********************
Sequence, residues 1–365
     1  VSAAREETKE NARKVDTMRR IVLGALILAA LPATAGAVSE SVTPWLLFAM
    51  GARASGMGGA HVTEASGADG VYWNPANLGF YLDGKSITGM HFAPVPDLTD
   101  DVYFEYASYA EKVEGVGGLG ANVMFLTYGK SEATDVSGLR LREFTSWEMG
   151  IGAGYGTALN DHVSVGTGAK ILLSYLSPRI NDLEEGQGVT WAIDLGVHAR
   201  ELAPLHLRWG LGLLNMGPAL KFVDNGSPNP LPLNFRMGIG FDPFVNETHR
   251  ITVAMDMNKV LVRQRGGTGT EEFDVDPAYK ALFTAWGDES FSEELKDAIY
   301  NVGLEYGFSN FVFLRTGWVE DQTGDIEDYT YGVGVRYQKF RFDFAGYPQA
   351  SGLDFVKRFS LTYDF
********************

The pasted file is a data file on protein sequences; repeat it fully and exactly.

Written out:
Sequence, residues 1–365
     1  VSAAREETKE NARKVDTMRR IVLGALILAA LPATAGAVSE SVTPWLLFAM
    51  GARASGMGGA HVTEASGADG VYWNPANLGF YLDGKSITGM HFAPVPDLTD
   101  DVYFEYASYA EKVEGVGGLG ANVMFLTYGK SEATDVSGLR LREFTSWEMG
   151  IGAGYGTALN DHVSVGTGAK ILLSYLSPRI NDLEEGQGVT WAIDLGVHAR
   201  ELAPLHLRWG LGLLNMGPAL KFVDNGSPNP LPLNFRMGIG FDPFVNETHR
   251  ITVAMDMNKV LVRQRGGTGT EEFDVDPAYK ALFTAWGDES FSEELKDAIY
   301  NVGLEYGFSN FVFLRTGWVE DQTGDIEDYT YGVGVRYQKF RFDFAGYPQA
   351  SGLDFVKRFS LTYDF